In the end, of course, we made it. The next interesting thing to happen was at Irish customs; I was going through it with some other travellers. As a young Canadian, I had made friends with a couple of others, a few of whom were young Americans. We went through, and the Irish Immigration people took one of them aside for extra questioning. After about 20 minutes, he emerged, and looked pale, and was shaking. When he rejoined us, he explained what had happened: “From the stamp in my passport, the guy saw I had been in Holland, and started asking me about Amsterdam and the hash bars. At one point, he said: ’Look, we know you have some drugs on you, we will go easy on you if you just give it up now.’ and I kept telling them, ‘no I don’t.’” The poor kid. I have often wondered what prompted Immigration to interrogate him: were they convinced that he was smuggling something? Did they do it just to torture a poor American kid, for a laugh?

Another great boat journey was in the Caribbean, and it also had some interesting immigration issues. It was from San Juan, Puerto Rico to Santo Domingo, Dominican Republic, and back. Leaving San Juan there was a long corridor out to board the boat, which had exit control, which is common in many parts of the world, though not common in North America where the country you are leaving wants to check you. I approached, and the US Homeland Security agent took my passport and looked at it quizzically. At the ferry terminal in San Juan, the agent probably spends his days stamping the same two passports over and over: US and Dominican. All of a sudden, here was a guy with a different one. It may well have been the first time he had interacted with a Canadian, since the ferry is mostly used by Dominicans living in Puerto Rico as a low cost means of transport home and back. He flipped through the pages of my passport, and then, as he got to the end, asked me, sounding surprised: “Sir, ‘where’ did you ‘enter’ the United States?” Then it hit me! Most people with foreign passports fly into an American airport, and thus have a US Homeland Security stamp. I had driven from my home in Montreal to the US border, crossed, then continued on to Florida, through a blazing heatwave, with no AC in my Dodge.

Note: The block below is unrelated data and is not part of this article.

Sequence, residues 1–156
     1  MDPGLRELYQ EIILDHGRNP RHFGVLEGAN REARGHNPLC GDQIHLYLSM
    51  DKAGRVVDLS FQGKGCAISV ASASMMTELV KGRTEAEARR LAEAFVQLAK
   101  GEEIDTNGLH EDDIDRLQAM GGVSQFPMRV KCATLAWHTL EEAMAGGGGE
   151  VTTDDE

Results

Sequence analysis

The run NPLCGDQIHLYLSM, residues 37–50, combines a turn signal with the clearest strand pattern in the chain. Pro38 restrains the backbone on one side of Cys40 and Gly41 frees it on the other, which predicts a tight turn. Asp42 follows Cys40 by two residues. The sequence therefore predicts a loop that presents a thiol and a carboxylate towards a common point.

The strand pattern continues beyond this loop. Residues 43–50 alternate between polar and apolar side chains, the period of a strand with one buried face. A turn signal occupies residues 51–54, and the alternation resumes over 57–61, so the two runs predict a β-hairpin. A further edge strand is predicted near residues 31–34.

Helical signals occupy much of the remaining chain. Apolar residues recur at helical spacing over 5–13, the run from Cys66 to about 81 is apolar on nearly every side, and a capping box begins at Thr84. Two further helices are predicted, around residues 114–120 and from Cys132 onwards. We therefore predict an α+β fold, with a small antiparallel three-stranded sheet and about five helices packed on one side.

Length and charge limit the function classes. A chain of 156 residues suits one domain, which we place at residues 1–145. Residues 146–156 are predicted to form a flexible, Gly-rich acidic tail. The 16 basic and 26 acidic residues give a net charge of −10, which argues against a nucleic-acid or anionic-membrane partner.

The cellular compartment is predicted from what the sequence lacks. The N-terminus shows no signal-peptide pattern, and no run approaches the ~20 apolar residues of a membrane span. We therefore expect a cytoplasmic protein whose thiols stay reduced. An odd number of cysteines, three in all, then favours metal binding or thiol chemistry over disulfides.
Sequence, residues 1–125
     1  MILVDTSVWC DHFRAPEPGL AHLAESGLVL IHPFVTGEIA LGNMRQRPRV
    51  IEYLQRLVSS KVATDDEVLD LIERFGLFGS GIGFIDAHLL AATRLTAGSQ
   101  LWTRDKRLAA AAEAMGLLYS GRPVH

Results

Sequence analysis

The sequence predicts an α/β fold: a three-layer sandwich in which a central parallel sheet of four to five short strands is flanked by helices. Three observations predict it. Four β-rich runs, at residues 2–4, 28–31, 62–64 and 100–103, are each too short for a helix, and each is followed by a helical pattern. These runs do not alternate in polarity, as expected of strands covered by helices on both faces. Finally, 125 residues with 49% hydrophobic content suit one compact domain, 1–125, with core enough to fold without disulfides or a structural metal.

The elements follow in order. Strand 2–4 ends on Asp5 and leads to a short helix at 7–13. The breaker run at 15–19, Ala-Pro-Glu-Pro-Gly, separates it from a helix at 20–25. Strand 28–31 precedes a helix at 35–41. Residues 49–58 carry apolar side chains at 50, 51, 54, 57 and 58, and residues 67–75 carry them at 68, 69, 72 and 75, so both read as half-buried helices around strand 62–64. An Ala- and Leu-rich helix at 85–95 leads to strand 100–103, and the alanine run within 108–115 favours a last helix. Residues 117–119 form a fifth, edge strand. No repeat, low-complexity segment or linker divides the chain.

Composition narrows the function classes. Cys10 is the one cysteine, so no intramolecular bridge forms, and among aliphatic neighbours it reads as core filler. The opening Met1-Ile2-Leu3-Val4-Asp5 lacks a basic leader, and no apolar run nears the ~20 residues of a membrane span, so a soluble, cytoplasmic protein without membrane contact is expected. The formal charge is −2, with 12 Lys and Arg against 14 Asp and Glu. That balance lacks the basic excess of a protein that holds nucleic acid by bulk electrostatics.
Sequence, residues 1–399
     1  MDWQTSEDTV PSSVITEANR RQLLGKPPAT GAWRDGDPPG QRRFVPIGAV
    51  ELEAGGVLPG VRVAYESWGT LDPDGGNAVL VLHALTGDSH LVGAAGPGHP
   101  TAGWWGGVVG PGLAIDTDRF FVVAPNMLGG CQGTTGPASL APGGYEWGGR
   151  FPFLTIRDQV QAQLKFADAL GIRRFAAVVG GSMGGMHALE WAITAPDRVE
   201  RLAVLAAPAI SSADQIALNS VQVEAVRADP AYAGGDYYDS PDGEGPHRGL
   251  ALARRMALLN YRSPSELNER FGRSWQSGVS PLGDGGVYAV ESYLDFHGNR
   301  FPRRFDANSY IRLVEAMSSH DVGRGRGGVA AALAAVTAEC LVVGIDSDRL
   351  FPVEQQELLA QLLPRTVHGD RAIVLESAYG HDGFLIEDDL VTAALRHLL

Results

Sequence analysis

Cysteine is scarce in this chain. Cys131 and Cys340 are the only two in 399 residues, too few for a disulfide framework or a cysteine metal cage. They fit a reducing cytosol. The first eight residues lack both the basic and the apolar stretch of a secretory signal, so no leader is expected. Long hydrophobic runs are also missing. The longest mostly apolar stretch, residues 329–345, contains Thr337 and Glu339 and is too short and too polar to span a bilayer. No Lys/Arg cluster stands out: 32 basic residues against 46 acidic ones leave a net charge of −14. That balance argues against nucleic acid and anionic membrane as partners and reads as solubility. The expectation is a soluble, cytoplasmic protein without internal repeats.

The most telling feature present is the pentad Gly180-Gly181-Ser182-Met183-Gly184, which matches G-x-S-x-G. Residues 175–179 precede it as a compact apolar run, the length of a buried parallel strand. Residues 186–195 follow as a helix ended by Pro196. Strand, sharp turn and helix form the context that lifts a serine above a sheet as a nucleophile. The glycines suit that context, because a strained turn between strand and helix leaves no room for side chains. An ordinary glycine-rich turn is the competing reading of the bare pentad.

Then, after leaving my car at a friend’s workplace in Miami, I’d flown to San Juan, Puerto Rico, which is, of course, a domestic flight, as Puerto Rico is an ‘associated state’ of the United States. Because I had entered by land from Canada and I am a Canadian, there was no passport stamp. This is totally normal procedure, but it was causing trouble for this border agent who wanted to discern where I had entered his country. At that moment, I honestly could not remember the name of the US border station. (It is near Lacolle, Québec). So I told him: “What’s the name there, you drive south on Autoroute 15 to the border that goes into New York State, to Interstate 87, what’s it called . . . “ then it hit me: Champlain, New York. This seemed to assuage the agent, and I had a flash in my mind of him studying to become a US Homeland Security Agent watching a training video on all the points of entry into the US, and learning their names. He clearly had no idea about Quebec or New York State, they were just places on a map to him. In any case, he let me pass.